Ordonez-Fernandez et al.  conducted a field experiment in southern Spain and reported that the pea residue supplied the highest amount of nitrogen to the soil throughout its decomposition cycle; it lost 76.6% of its initial content in nitrogen, compared to the 48 and 56% of N released by wheat residues and sunflower, respectively. At the beginning of its decomposition cycle, the wheat residue had the lowest mass and gave the most cover, with values of 65%, which was 8.6% and 20.2% more than the cover estimated for the pea and sunflower residues, respectively. The sunflower residue lasted longest, only losing 18% of its initial cover over 109 days of decomposition, compared to 47% of wheat and 53% for pea. The amount of carbon released was similar for the three residues and was around 500 kg/ha. Corbeels et al.  studied the C mineralization and N transformations during the decomposition of sunflower stalks and wheat straw with and without addition of (NH4)2SO4 in a Vertisol. Soil samples were incubated under aerobic conditions for 224 days at 22°C. The plant residues were added at a rate of 5.2 g/kg soil. Nitrogen was applied at a rate of 50.7 mg N/kg soil. Gross N immobilization and mineralization were calculated on the basis of the isotopic dilution technique. At the end of the incubation period a 15N balance was established. Respectively, 68 and 45% of the applied residue-C mineralized from the sunflower stalks and wheat straw after 224 days. Both crop residues caused losses of up to 25% of added 15N after 224 days of incubation. These 15N losses were about three times larger than in the control soil and were probably due to denitrification. The net immobilization of soil derived N following residue incorporation was the largest in the case of wheat straw, depleting all soil inorganic N. In the wheat straw treatment with added (NH4)2SO4 soil inorganic N remained available, resulting in an enhanced initial C mineralization and N immobilization compared to the treatment without added N. In the case of the sunflower stalks, the high inorganic N content of the stalks suppressed the effects of N addition on C mineralization and N immobilization/mineralization. Gross N immobilization amounted to 31.9 and 28.2 mg N/g added C after 14 days for wheat straw and sunflower stalks, respectively. At the end of the incubation, about 35% of the newly immobilized N was re-mineralized in both plant residue treatments. Gross N immobilization plotted against decomposed C suggests that fairly uniform C-N relationships exist during the decomposition of divers C substrates. Immobilization of available N and P during initial phase of decomposition of sunflower residue was also reported by Kaur and Kapoor . Decreases in Olsen-P in soil due to incorporation of organic manure and crop residues having wider C : N ratio were also reported by Jalali . In laboratory conditions, Das et al.  reported that incorporation of loppings of perennial pigeonpea, sorghum stover, and FYM caused initial immobilization of P. However, no P immobilization was observed with mung bean, Leucaena residues, and groundnut shells at 0.5 FC. At FC, none of the residues caused immobilization. The quantity of P released was significantly related to the amount of P added through residues. In contrast, Das and Puste  showed that the amounts of ammoniacal-N (NH4-N), nitrate-N (NO3-N), hydrolysable N (HL-N), and nonhydrolysable (NHL-N) were increased for up to 60 days of soil submergence and increased further with the increase (1% by weight of soil) of various organic waste materials like crop residues, well-decomposed cow dung, composts, and other rural and urban wastes application. Similarly, Raut et al.  in his study showed that incorporation of sunflower straw @ 4 t/ha + RDF @ (125% N + 100% P) in green gram recorded significantly higher soil nitrogen, phosphorus, and potassium content in green gram-sunflower sequence. Content of micronutrient (Zn, Fe, Cu, Mn, B, and Mo) including sulphur was also maximum with the incorporation of sunflower straw @ 4 t/ha + RDF @ (125% N + 100% P) in green gram. Similar results were obtained by Santamaría et al.  with the incorporation of sunflower hulls, a residue of oil industries, in the upper layer of soil as organic amendment. In contrast, Jalali and Ranjbar  observed that the rates of P release of the residues (sunflower and wheat) were considerably higher during the first 4 weeks of incubation than during the second phase of incubation (weeks 5–12). Phosphorus release by residues was similar to the decomposition pattern. They also opined that residue P content was correlated with P release, but not with decomposition rate. Gong et al.  reported that sunflower oil residue incorporation in soil decreases the soil pH. In another study Badnur et al.  reported that incorporation of sunflower residues either with subabul loppings or inorganic N recorded higher available nutrients than incorporation of sunflower residues alone. However, available N and K were highest with sunflower threshed ear heads at 2.5 t/ha + subabul loppings @ 2.5 t/ha (50 : 50), (222 and 450 kg/ha, resp.), while available P was highest upon treatment with sunflower stalks at 5 t/ha + subabul loppings (50 : 50), (24.7 kg/ha). In maize-wheat cropping system at Kanpur, Prasad et al.  found that application of FYM and gypsum reduced soil pH by 0.38 and 0.30 units, EC by 0.07 and 0.06 units than their initial values of 7.8 and 0.37, respectively. Organic carbon increased by 22.6 and 15.1%, available N increased by 41.2 and 29.1%, available P increased by 53.8 and 33.3%, and available K increased by 11.7 and 6.1% under treatments of FYM and gypsum, respectively, than their initial values. In the case of fertilizer, 100, 75, and 50% of recommended doses showed reduction in soil pH by 0.30, 0.30, and 0.28 units and in EC by 0.07, 0.06, and 0.05 units, respectively, than their initial pH value of 7.8 and initial EC of 0.37. Application of recommended dose, 75% of RDF and 50% of RDF increased other parameters such as organic carbon by 18.9, 15.1, and 13.2%, available N by 44.7, 31.9, and 22.0%, available P by 49.7, 34.9, and 20.5%, and available K by 11.7, 6.9, and 2.6%, respectively. The nutrients release from decomposing residues of rape, sunflower, and soybean in amended soil under laboratory condition was investigated by Scagnozzi et al.  at Pisa, Italy, and reported that total N, available P, exchangeable K+, Ca2+, and Mg2+ in all the amended samples increased significantly. Generally, the increase in the amounts of these nutrients was maintained until the end of the incubation period; the mineralization of the three crop residues enhanced soil fertility. In amended soil samples, NH4-N disappeared within 14 days, while available N was released as NO3-N after 60 days in soybean-treated and after 120 days in rape- and sunflower-treated soil, respectively.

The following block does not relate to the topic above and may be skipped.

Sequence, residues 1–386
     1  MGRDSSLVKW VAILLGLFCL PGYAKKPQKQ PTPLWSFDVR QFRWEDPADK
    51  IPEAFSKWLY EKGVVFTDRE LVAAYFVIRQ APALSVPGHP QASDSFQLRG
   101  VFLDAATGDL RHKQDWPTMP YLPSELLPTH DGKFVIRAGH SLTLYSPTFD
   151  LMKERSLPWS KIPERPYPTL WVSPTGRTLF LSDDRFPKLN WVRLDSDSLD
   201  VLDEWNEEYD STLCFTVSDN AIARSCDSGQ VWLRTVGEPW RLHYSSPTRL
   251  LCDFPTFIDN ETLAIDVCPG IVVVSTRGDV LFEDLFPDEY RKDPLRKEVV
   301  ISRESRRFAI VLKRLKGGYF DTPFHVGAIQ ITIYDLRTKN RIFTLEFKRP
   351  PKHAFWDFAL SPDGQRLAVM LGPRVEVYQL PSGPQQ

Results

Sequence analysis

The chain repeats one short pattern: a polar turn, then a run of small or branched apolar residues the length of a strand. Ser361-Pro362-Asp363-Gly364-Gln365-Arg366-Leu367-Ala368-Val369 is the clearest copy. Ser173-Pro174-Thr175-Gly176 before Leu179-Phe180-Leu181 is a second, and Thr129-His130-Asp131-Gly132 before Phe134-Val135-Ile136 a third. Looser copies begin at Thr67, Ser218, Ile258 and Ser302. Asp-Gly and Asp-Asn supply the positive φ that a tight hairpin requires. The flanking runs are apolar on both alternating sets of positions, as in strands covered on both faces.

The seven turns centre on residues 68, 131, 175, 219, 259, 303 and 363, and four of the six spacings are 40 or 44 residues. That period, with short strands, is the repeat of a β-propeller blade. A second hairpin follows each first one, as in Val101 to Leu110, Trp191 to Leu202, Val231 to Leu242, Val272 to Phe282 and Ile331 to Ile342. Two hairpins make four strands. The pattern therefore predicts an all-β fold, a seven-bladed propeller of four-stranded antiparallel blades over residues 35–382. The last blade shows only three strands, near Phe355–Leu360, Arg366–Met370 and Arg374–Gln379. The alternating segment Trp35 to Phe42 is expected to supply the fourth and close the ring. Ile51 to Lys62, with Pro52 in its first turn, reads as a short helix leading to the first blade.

Batish et al. [18, 19] conducted an experiment to investigate the effect of residues of the noxious weed Parthenium hysterophorus in soil as well as under laboratory conditions. Soils were infested with different amounts of Parthenium hysterophorus residues to determine the changes in soil chemistry and revealed that the pH of all the modified soils decreased, whereas the conductivity, organic carbon, and organic matter increased. The amount of sodium and potassium increased, whereas that of zinc decreased. In the soil infested with 4 g of Parthenium hysterophorus residue, the amount of available nitrogen decreased. Paul et al.  summarized that the addition of plant residue in soil results in a rapid (days 0–7) increase of soil pH due to the association, and particularly oxidation, of added organic anions. This was followed by a gradual (days 7–119) pH decline attributed to the mineralization and subsequent nitrification of added organic N. The addition of 12.5–25.0 g of cereal crop residues/kg of soil and 6.25–25.0 g of legume-based pasture residues/kg of soil resulted in a net alkalization of the surface 2.5 cm of soil. The magnitude of such gradients will be particularly large with the return of large quantities of plant residues of high ash alkalinity in soils of relatively low initial pH and biological activity, and when the surface of the soil is exposed to moist-dry cycles.